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Pew survey finds that only 51% of US teens use Facebook, down from 71% in 2015

Pew Research Center recently published the results of its Teens, Social Media & Technology 2018 study. Pew surveyed US teens aged 13-17 to gather information about their use and views of social media, providing an update to a similar study published in 2015.

For the first time, Facebook is no longer the most popular social media platform among America’s teenagers. About half (51%) of teens surveyed report that they use Facebook, down from the 7 in 10 (71%) who said the same in 2015. In 2018, higher percentages of the teens surveyed say they use YouTube (85%), Instagram (72%), and Snapchat (69%) than Facebook.

The largest share of teens surveyed (45%) say that social media has neither a positive nor negative effect on themselves and their peers. About a third (31%) believe that social media has a mostly positive effect, while about a quarter (24%) say the effects of social media have been mostly negative.

Of the teens who say that the effect of social media is mostly positive, 2 in 5 (40%) cite staying connected with friends and family as the main reason for its positive impact. Others say that social media makes it easier to find news and information (16%), meet others with similar interests (15%), and express themselves (9%).

About a quarter (27%) of teens with a negative perception of social media say that social media has made it easier to bully and spread rumors about others. Other respondents believe that social media is harmful to relationships (17%), gives an unrealistic view of others’ lives (15%), or that there is peer pressure to live up to that unrealistic view (12%).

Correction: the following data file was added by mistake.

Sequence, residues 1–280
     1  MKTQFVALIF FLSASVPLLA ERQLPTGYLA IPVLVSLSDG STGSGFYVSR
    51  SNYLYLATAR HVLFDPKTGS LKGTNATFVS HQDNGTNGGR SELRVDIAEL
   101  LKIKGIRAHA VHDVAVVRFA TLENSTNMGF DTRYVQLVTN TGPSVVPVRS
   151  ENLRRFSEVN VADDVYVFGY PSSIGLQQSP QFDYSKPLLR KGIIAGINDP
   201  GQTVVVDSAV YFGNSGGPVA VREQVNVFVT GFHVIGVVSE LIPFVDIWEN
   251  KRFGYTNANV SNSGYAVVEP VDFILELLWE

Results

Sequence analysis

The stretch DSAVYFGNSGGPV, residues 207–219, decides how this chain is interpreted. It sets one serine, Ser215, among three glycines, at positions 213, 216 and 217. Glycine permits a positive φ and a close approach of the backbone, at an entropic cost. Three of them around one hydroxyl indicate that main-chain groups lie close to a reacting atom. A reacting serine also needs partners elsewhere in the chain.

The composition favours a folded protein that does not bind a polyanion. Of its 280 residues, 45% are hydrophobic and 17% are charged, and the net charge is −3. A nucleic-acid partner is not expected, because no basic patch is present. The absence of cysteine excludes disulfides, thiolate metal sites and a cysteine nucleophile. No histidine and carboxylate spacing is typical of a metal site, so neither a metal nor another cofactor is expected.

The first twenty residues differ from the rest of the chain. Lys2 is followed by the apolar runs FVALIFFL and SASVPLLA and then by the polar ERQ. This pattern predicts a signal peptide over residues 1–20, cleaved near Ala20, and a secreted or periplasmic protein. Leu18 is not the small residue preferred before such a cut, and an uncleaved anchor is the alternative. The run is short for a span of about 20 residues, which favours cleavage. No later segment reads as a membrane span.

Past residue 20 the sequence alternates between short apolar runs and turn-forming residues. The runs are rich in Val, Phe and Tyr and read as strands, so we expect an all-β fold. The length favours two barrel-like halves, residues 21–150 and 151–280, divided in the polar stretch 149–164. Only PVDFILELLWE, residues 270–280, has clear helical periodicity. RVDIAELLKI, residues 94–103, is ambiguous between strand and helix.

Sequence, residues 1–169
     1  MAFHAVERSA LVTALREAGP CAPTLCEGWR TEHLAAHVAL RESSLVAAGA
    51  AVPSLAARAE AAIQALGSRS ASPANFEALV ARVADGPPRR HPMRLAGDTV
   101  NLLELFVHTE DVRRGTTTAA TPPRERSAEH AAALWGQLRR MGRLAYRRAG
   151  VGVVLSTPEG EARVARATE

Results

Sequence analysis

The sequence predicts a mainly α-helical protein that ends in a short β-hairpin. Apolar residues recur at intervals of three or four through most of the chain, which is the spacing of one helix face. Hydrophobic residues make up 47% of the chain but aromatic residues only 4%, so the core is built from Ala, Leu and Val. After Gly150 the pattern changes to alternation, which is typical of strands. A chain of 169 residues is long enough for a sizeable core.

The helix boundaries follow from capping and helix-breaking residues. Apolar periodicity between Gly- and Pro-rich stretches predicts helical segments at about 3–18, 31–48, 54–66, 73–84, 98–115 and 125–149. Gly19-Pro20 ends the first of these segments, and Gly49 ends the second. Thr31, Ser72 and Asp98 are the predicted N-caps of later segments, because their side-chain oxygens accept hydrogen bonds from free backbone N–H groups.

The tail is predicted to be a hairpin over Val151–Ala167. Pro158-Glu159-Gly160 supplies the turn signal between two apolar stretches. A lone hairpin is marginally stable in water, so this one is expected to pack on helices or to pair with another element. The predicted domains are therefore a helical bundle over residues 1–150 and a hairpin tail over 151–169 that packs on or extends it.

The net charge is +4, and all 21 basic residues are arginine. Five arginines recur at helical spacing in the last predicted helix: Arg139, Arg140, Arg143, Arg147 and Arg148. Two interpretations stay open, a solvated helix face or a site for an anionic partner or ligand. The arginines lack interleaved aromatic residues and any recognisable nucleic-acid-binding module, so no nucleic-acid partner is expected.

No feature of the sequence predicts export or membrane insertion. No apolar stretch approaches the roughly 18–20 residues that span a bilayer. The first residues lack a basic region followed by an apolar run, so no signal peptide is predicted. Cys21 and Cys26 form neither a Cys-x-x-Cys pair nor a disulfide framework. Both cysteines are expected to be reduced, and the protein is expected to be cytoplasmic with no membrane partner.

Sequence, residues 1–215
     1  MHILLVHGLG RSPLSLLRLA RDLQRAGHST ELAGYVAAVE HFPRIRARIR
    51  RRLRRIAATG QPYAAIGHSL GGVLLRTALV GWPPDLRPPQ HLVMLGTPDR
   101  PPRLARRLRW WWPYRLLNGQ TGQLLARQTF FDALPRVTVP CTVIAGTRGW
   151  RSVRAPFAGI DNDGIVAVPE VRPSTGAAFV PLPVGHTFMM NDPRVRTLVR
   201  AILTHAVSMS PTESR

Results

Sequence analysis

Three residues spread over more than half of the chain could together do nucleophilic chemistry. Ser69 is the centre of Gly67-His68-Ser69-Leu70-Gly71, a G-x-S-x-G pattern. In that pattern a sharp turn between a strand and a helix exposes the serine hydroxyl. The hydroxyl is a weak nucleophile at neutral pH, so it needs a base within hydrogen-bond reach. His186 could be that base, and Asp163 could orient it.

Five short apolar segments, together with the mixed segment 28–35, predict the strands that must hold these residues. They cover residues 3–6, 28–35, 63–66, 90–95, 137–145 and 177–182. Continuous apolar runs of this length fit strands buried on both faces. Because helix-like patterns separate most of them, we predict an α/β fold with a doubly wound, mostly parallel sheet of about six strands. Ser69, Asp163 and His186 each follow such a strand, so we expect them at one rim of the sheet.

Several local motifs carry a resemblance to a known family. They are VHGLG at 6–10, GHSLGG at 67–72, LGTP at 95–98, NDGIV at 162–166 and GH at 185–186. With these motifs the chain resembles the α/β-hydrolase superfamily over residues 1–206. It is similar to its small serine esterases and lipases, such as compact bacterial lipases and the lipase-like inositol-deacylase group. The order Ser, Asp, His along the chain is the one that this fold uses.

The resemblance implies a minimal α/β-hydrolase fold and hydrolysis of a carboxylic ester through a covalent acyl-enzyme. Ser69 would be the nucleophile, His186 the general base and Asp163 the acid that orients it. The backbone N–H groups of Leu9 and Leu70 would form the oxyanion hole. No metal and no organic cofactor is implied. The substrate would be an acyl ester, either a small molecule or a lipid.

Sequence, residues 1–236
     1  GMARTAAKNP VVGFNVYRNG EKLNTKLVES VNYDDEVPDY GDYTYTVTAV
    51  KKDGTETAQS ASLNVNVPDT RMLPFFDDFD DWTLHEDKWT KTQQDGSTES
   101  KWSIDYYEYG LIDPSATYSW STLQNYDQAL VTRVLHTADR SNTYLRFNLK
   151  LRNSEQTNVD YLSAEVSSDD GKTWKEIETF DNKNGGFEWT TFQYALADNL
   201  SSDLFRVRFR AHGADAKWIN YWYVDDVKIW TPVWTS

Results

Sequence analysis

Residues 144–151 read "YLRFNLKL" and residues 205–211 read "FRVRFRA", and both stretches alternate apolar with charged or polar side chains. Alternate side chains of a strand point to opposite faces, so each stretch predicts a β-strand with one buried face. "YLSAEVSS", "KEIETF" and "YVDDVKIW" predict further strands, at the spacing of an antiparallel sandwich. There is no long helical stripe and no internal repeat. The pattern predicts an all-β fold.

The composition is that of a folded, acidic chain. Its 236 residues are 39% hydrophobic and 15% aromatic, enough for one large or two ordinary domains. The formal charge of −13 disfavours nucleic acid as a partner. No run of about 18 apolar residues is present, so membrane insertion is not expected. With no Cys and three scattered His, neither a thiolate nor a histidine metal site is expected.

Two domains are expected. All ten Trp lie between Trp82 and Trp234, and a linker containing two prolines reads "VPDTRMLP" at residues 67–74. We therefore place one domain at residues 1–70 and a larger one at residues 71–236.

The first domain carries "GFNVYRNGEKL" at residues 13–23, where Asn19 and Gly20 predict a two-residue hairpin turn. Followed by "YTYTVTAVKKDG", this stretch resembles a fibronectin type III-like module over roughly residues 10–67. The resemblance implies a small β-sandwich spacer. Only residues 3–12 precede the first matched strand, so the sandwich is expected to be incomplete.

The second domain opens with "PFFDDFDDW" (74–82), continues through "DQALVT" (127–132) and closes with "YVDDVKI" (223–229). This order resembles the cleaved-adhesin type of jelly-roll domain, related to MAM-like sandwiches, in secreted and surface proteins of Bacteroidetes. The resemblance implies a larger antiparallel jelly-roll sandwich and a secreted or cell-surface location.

The full report can be found here.

Note: This post is part of our series, “The LRS Number.” In this series, we highlight statistics that help tell the story of the 21st-century library.

A record 701 jobs posted to Library Jobline in 2017

Library Jobline, LRS’s website for library job postings and resources, broke its own record for the number of jobs posted in 2017 while the number of job seekers and job posters continued to rise. Data collected from the Library Jobline website are highlighted in the most recent Fast Facts report.

In 2017 employers posted 701 jobs to Library Jobline, an average of 13 new jobs a week. January was Jobline’s busiest month, with 73 new jobs posted. Similar to 2016, about two-thirds (67%) of the jobs posted were located in Colorado. However, the percentage of full-time jobs posted saw a big jump, from about half (53%) in 2016 to over three-quarters (78%) in 2017. The majority of jobs posted were in public libraries (66%), followed by academic libraries (21%), “other” (8%), institutional libraries (3%), and school libraries (2%).

Average hourly salaries for both academic ($22.06) and public ($22.26) library positions remained steady and didn’t change much from 2016. The average salary for school library positions ($19.86) has risen 19% since its low in 2015 ($16.62). About a third (32%) of the jobs posted required a MLIS degree, while a little under half (44%) preferred a MLIS.